Market Equilibrium: Influences & Calculations

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  • 0:01 Market Equilibrium
  • 0:34 What Is Market Equilibrium?
  • 3:03 Problems And Changes
  • 4:41 Lesson Summary
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Lesson Transcript
Instructor: Christopher Sailus

Chris has an M.A. in history and taught university and high school history.

In this lesson, we explore the concept of market equilibrium. We'll learn the basics of supply and demand and discuss the factors that can push the market out of equilibrium or change the equilibrium point altogether.

Market Equilibrium

Do you remember the playground teeter-totter? Kids could push themselves off the ground on one side into the air, bringing the child on the other side back toward the ground. Occasionally someone would think it was funny to shift their weight so that the other child stayed in the air, or other times, the kids would work together to try to balance the teeter-totter right in the middle. If they achieved this point, even if only for a second, they were in equilibrium!

In this lesson, we'll talk about another careful balancing act that also may only be achieved for mere moments: market equilibrium.

What Is Market Equilibrium?

In order to understand market equilibrium, we should first discuss what exactly is going on on the two sides of our economic teeter-totter. In this case, we are talking about two of the most basic market indicators: supply and demand.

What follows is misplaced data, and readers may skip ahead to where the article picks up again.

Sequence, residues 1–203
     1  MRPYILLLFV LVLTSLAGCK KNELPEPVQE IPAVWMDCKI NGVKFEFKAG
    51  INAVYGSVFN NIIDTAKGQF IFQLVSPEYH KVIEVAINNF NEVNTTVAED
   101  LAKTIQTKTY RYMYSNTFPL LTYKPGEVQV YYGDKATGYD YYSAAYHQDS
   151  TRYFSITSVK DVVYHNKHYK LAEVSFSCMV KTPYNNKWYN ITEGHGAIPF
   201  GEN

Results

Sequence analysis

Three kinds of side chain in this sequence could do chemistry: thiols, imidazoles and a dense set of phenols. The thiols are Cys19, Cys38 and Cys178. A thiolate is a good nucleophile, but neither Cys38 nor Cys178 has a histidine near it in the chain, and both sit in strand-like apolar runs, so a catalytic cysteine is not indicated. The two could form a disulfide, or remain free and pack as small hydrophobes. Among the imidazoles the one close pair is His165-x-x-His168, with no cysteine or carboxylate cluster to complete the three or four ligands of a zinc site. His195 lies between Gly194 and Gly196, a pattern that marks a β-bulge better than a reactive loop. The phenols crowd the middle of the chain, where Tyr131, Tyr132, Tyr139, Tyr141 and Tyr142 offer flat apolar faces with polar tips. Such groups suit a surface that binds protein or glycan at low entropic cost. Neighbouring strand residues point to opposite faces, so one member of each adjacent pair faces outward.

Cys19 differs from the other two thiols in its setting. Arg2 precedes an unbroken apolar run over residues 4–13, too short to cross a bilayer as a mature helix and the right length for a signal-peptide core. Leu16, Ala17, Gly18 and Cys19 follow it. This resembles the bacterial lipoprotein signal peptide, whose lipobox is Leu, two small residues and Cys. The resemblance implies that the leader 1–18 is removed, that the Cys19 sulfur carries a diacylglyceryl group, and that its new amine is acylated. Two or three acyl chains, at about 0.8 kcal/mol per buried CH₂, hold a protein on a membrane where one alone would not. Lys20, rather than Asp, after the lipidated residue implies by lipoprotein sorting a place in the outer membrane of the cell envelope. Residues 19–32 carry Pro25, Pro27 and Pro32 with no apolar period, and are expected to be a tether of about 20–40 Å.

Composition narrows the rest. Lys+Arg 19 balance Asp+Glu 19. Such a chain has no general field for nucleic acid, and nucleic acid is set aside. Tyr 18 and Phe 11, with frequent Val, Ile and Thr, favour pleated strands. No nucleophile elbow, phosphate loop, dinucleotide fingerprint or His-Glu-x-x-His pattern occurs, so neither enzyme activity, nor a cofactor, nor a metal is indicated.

Demand refers to the total number of a certain good or product that consumers are willing to buy. This number changes according to price. Just like you would probably buy double the amount of apples if they were suddenly half price, the demand quantity of a good rises as the price of that good lowers. We know this by looking at tables economists compile, called demand schedules, that detail how much of each product consumers are willing to buy at each price. These schedules can then be graphed, giving us a demand curve.

On the other hand, supply refers to the total number of goods the producers of that good are willing to supply to the market depending on the price. The quantity producers are willing to supply generally rises as the price consumers are willing to pay for a good goes up. This makes sense: if you sold pens for $1 each but suddenly people were willing to pay $2 for the same pens, you would probably rush to sell as many pens as you could before the market price changed back. Just as with demand, economists compile supply schedules showing us how much of each product producers are willing to send to market given each price. These numbers are also graphed, giving us the supply curve.

So now that we've established what's on each side of our economic teeter-totter, let's talk about that balancing point between the two, a point economists term market equilibrium. Market equilibrium is a point in price where the amount producers are willing to supply and the amount consumers are willing to buy is the same.

For example, say I am growing apples and you want to buy some apples. I am willing to bring you one apple if you buy it for $1, two apples if you buy them for $2, and three apples if you buy them for $3. You, however, are a prudent buyer; you will purchase three apples if they are $1, two apples if they cost $2, but only one apple if it costs $3.

That point where our two pricing schedules meet - at two apples for $2 - is market equilibrium. It's the optimum point for both producer and consumer. Theoretically, I could keep bringing you two apples a week and charging you $2 each for them for eternity.

The market equilibrium point can also be represented graphically, using the supply and demand curves discussed above. The point where the supply and demand curves intersect is considered market equilibrium.

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